the reason people didn’t reply could maybe that as you wrote 3 posts, when they are checking for unanswered posts theybusually have a number 1. So when they see a 3 they assumed it has been answered twice,

I am sorry about this and I have just seen your post now.

You realise you have many good things going in the relationship and that on the surface it looks very good.

Out of all the issues which one for you is the most important, the issue that maybe a deal breaker for the relationship. ?

Do you think you both may consider seeing a relationships counsellor together ?

Redambergreen suggested a compromise and that can be a good idea if you can both agree.

i know some people feel that because they are a couple they need to do everything together while others have some time pursuing their own interest or seeing their own friends but still have time together .

I can understand you seem a bit confused as you realise the relationship has many good points but there are other issues that cause you problems.

How do you see your relationship in a few years time if things do t chnage

Thanks for sharing your thoughts .


Community Champion
Community Champion

Dear Reax~

Quirky is right, people look for threads with just one post, that lets them know the person is not being talked to, and as there are many of them they go elsewhere. So an unfortunate hiccup.

It does not mean you are not important, or that people will not share their thoughts. If you do not mind I'll share mine.

Your freind has gone from one relationship to another all her life - people person, and ended up after marriage, the ultimate giving, with divorce - a reflection of something. Perhaps to her it may seem a judgment on her worth, her abilities, her attractiveness. I think if that was me I'd be so frighted I'd end up very needy indeed, with constant reassurance in word and deed never being quite enough.

For many a child is a way of cementing a relationship, though 'm not sure if that works as well as some might hope if both parties do not feel the same.

You need space, which is fine, as it happens both my partner and I, who are in love and are soulmates do need some time doing our own things - so I understand exactly. Does not mean we do not treasure each other, just some space confirms identity and allows for other things.

Looking from the outside I would guess there are two things. The first is for your friend's confidence, self esteem and trust in both you and herself to be strengthened. That may be the job of the medical profession.

Can I suggest you talk with her about seeing a GP and being tested for anxiety? A delicate conversation that really needs to be set in very supportive and reassuring terms.

The other of course is to institute regular boundaries, so everyone expects you to retreat to your study - or whatever- for a while each day. Provided that is not seen as an escape, but a positive action allowing you to relax and ponder or any such then it should be acceptable. Mind you if it always coincides with washing up time that might be viewed in a very different light:)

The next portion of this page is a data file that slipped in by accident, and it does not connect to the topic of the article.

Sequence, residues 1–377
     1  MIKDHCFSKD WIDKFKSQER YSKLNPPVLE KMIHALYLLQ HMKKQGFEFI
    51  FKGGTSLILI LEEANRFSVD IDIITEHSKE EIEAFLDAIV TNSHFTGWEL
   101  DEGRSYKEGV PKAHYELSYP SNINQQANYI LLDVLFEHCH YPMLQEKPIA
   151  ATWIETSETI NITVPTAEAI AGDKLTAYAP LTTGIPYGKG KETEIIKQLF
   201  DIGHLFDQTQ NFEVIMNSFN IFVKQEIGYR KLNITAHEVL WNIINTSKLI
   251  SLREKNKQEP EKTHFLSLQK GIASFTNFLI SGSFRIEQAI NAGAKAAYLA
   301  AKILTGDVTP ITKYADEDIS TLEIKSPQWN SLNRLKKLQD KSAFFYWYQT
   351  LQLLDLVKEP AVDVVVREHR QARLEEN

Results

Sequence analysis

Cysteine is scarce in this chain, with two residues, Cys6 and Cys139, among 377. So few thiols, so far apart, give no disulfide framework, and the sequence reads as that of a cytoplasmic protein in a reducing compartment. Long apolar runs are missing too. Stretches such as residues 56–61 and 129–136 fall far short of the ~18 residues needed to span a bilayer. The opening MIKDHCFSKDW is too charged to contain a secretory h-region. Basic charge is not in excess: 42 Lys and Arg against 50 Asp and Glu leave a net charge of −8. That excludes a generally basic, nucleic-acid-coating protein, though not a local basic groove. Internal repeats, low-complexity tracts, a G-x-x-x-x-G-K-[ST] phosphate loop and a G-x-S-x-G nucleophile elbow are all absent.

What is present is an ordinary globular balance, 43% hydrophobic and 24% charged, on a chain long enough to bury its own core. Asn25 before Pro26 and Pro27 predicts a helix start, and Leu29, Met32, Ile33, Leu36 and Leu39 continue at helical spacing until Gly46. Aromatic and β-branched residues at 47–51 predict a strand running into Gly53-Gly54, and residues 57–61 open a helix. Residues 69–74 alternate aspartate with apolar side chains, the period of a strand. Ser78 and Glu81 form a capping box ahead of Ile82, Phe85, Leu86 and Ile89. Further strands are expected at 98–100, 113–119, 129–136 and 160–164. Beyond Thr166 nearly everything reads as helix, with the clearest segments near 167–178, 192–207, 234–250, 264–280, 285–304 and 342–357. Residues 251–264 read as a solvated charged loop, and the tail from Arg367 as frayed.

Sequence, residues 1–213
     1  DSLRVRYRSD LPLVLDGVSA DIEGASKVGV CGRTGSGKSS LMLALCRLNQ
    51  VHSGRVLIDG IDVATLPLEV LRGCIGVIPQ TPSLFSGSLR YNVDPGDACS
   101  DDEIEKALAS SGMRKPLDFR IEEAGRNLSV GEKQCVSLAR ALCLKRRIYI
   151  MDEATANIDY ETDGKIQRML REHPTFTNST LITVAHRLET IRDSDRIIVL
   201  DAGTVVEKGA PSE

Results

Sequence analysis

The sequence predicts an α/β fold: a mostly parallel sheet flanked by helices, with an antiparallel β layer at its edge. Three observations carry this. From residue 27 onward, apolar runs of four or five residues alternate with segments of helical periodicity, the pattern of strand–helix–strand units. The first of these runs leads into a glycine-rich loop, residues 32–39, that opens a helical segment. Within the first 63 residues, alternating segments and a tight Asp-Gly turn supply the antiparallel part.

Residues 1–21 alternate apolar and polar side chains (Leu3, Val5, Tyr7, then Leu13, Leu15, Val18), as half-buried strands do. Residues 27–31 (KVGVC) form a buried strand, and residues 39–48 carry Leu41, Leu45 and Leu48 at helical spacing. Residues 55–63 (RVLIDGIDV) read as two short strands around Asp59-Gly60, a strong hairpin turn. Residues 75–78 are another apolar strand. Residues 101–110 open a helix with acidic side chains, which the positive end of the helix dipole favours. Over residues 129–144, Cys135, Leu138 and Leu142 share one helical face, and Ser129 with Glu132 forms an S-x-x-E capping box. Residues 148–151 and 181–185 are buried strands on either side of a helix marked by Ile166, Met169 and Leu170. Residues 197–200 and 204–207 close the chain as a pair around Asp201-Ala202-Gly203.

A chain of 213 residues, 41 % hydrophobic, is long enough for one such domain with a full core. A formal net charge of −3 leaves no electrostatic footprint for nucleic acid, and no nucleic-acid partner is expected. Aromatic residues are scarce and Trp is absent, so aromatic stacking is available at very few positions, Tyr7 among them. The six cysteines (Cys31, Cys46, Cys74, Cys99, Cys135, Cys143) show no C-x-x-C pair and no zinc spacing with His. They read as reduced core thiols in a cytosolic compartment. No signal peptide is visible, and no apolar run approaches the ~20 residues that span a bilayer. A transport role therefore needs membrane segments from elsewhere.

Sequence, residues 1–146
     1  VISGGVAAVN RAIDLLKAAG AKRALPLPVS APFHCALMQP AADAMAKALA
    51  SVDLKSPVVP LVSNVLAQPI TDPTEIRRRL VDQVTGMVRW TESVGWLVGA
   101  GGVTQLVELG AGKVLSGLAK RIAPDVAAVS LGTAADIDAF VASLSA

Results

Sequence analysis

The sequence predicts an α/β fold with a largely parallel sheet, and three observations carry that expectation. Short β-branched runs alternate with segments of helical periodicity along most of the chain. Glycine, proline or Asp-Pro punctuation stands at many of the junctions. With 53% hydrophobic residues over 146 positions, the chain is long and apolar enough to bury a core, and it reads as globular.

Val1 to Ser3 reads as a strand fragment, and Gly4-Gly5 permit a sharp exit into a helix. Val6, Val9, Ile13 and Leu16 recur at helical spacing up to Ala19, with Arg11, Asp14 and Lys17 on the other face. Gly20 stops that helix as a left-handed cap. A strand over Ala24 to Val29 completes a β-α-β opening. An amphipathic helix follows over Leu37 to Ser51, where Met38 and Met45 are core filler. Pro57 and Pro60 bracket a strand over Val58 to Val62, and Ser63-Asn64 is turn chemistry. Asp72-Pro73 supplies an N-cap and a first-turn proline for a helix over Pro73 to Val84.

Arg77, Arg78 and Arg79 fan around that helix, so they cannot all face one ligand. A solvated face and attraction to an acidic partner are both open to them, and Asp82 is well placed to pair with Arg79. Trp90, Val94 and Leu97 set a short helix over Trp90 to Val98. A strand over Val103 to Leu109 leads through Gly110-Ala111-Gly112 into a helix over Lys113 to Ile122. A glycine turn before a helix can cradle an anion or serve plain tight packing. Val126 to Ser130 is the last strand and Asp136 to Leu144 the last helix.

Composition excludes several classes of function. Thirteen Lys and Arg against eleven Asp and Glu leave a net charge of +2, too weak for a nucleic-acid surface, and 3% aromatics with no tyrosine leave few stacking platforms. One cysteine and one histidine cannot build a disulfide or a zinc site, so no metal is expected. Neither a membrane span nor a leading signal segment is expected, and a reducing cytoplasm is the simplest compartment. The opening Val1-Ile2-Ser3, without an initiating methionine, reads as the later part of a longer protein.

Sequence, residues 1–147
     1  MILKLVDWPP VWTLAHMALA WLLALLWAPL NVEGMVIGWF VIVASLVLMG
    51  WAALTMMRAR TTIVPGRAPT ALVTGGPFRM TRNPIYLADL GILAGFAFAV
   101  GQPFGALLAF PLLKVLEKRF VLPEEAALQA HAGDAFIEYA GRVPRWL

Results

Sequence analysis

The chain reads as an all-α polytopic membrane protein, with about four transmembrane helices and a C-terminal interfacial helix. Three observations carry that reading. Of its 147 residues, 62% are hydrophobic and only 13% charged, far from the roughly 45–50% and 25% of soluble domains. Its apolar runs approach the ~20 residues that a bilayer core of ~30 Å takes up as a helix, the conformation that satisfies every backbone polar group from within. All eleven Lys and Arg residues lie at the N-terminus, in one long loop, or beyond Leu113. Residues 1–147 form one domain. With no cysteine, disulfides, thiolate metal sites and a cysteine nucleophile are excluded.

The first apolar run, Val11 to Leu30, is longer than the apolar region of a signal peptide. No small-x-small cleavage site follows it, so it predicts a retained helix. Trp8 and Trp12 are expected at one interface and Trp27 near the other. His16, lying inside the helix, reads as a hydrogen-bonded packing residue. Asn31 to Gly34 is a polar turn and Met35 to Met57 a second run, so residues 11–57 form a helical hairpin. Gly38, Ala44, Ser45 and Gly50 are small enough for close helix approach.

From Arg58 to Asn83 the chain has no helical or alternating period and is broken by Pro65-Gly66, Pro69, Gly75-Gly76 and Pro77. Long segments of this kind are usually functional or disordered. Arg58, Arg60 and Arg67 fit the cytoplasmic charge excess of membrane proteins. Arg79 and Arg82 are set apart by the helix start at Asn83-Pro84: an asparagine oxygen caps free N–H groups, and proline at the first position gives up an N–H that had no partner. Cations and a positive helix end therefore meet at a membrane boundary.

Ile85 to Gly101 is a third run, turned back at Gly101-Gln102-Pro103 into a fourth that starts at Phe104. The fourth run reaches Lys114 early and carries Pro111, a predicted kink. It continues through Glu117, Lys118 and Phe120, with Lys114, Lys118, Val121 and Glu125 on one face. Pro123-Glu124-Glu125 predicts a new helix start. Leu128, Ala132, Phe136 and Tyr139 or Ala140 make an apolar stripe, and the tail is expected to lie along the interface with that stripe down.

As for physical affection, I would imagine seeing such an act as relieving distress and bringing pleasure might help

What do you think?


Community Member

Thanks so much for your replies, team. I wasn't quite sure how the system played out, and I had a fair bit to say beyond 2500 characters, so I thought replying to my own post like a lemon was the way to do it. Whoops! I'm glad you guys were able to tell me of your similar situations. I'm not often, if ever, able to get these kinds of viewpoints. My family have a habit of trying to repress my own views on these matters, desperate as they seem for me to settle down again and give them another grandchild/niece/nephew. It gets hard when you're made to feel like a cold-hearted prick by others when all you're doing is what comes naturally. Maybe counselling would be the way to go moving forward. I very much love this woman, and my daughter loves her, and everyone gets along, but I'm just having trouble dealing with the recurring "pity party" (for lack of a better phrase). I may come off as cruel at times, but it's just my way. After a bad relationship in my past I kind of became somewhat of a vicious pragmatist. If I ever feel (falsely or not) that somebody is trying to emotionally manipulate me, I act accordingly and lay down the law. Not physically, of course, but rather giving no quarter verbally or emotionally. If someone, for instance (particularly in this case, on more than one occasion) were to threaten to leave in an attempt to sway me on an issue, I'll simply call their bluff and insist upon it. It's kept me armoured so far, but also isolated to a point. I imagine it harkens back to my point that I perhaps feel that I have less to lose than she does, and that I consider myself to be more emotionally independent and capable of making it on my own. I hope I'm not coming off as arrogant, it's just the way I feel I've had to conduct myself over the years.

Community Member

Hi Rex,

Others have given great advice so I won't repeat them but I can totally relate to you getting sick of the "pity party". It is very hard when you're trying your best in a relationship but its still not good enough. You are entitled to your own time and space as well without your partner being involved in absolutely everything you do. I admire that you stand your ground when someone is trying to emotionally manipulate you and your post has helped me with my own relationship problems. It's no arrogant at all, its sticking up for yourself when the other person is acting like a child to get what they want. I hope that you two can work it out and you should be proud of yourself for wanting to keep the family together.

Best of luck.